Subcontractor Strength Will Drive Industry’s Ability to Meet Demand, Overcome Challenges

Subcontractors are a bellwether of industry success—it’s time to take better care of these partners.
By Anwar Ghauche
September 13, 2022

Owners, developers and general contractors get a lot of notoriety for construction projects, especially in these infrastructure-focused times. However, the subcontractor is truly the one under the microscope, as this group requires the most care and attention to ensure the owners and operators are able to meet accelerating demand and public expectations.

The challenges in the current environment are many. Inflation and supply chain disruptions are highly detrimental to specialty trades in the mechanical, electrical, plumbing, drywall and other areas. Reports show that the construction industry, in particular, has seen an increase of over 20% in the cost of supplies and building materials in the last year alone and, in some cases, over 90% since the start of the pandemic. While these costs are passed along to the owner, the subcontractor still retains significant cash flow risk. This truth is amplified in a volatile market. As if the cost was not enough, equipment and material shortages coupled with rising interest rates only compound the problem—and tenfold for small businesses.

Subcontractors are likely to feel the greatest pressure from supply-related issues. Inflation combined with supply chain shortages require subcontractors to prepare earlier for projects and, when possible, purchase materials upfront. However, the consequence of this preliminary preparation equates to further strains on cash flow. In an effort to remain aligned on schedules and budgets, subcontractors frequently buy all of a project’s materials as soon as a contract is signed—if not before.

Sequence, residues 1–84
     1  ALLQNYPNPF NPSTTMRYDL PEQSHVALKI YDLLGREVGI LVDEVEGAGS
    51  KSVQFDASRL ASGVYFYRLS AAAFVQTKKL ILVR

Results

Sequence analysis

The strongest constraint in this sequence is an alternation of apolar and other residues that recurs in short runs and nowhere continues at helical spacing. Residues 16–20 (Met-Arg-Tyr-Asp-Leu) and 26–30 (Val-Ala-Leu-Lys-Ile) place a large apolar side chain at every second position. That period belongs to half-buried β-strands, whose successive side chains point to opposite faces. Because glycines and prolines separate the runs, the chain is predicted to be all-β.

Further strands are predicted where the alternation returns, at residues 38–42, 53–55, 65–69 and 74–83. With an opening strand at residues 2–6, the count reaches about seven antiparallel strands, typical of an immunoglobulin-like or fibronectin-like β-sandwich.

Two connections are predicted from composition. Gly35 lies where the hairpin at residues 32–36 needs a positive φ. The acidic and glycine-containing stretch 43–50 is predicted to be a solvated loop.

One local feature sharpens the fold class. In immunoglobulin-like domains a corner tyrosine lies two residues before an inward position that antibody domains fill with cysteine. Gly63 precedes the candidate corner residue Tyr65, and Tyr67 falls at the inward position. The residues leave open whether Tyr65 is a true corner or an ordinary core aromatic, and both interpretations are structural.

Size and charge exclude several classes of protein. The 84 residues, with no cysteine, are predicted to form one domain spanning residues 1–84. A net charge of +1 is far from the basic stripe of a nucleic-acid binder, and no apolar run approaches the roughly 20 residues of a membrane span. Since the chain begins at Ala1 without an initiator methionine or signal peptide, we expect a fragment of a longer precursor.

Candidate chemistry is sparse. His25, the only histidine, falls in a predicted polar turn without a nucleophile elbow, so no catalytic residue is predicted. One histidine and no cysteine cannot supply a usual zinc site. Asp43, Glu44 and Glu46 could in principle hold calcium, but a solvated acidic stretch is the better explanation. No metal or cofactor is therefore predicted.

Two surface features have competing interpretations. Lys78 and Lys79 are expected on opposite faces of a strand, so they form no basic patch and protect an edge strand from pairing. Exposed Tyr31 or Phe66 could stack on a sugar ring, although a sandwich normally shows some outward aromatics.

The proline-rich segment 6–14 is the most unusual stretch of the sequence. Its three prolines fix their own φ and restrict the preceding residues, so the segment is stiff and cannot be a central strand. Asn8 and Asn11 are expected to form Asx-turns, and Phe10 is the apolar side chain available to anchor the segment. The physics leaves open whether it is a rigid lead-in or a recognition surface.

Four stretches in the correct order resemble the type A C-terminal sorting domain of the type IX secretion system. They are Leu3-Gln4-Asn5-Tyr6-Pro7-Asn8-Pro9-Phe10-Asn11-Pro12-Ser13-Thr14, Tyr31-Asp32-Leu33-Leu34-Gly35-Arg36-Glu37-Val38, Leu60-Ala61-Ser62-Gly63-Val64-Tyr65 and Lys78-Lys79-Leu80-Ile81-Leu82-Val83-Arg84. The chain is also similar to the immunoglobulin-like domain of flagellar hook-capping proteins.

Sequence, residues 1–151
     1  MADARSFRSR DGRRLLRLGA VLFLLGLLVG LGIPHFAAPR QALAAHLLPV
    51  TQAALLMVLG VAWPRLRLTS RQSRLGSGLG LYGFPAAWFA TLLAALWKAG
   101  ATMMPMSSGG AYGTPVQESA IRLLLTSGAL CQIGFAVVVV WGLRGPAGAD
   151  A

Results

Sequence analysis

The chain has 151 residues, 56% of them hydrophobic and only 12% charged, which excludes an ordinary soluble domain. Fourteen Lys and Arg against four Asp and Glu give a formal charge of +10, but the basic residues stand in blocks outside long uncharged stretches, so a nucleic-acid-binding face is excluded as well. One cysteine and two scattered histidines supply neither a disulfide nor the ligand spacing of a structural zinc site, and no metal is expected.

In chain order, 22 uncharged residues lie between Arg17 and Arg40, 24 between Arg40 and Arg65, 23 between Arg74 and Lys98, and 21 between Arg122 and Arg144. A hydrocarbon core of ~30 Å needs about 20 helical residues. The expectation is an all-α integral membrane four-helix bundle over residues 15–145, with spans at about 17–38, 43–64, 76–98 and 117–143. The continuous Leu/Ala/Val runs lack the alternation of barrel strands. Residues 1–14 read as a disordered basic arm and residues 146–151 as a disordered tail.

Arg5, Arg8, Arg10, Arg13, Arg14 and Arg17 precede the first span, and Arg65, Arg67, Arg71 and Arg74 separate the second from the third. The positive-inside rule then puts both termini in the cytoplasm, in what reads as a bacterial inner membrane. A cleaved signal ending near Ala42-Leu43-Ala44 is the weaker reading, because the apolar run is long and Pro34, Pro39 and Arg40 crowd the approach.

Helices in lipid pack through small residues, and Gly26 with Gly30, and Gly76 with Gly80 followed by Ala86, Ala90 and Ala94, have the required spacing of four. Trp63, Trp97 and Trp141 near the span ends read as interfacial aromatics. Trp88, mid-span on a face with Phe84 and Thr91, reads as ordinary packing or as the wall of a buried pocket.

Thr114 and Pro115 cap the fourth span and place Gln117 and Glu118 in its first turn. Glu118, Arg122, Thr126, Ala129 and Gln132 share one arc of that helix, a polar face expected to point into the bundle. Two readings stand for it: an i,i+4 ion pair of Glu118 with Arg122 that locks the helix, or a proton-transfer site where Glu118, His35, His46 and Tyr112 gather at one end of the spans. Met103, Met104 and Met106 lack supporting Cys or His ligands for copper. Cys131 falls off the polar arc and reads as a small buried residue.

It’s a huge cash expenditure for a segment of the industry that is notoriously cash poor; it’s common to see a subcontractor with over $100 million in annual revenue struggle to make payroll. The response from the subcontractor has been to take on more projects, each bleeding into the subsequent one and paying for its equipment and materials. The risks are high if those payments are in any way delayed—and a big reason why studies reflect contractors failing more often in good times than bad. Without cash, subcontractors have to use business savings, lines of credit or even personal savings to get projects moving forward.

Options are few for this group, which is held responsible for meeting schedules and budgets while often being the last to get paid.

So what’s the answer? Subcontractors are a bellwether of industry success—it’s time to take better care of these essential partners.

Contractual Adjustments

One of the first areas of adjustment has been in the contractual terms between the general contractor and trade partners. The days of pay-when-paid, pay-if-paid, and similar contingency provisions are not going to cut it if the industry wants to maintain and strengthen the subcontractor supply chain.

Smart general contractors are having intense conversations with favored subcontractors to incorporate contractual terms that are agreeable for both parties. For instance, mobilization fees are working their way back into many contract terms. These fees help cover a wide net of provisions, including transportation, fuel, equipment rental, initial materials, tools as well as site prep activities. When provided in advance of a project start, mobilization advances can help maintain a subcontractor’s cash flow.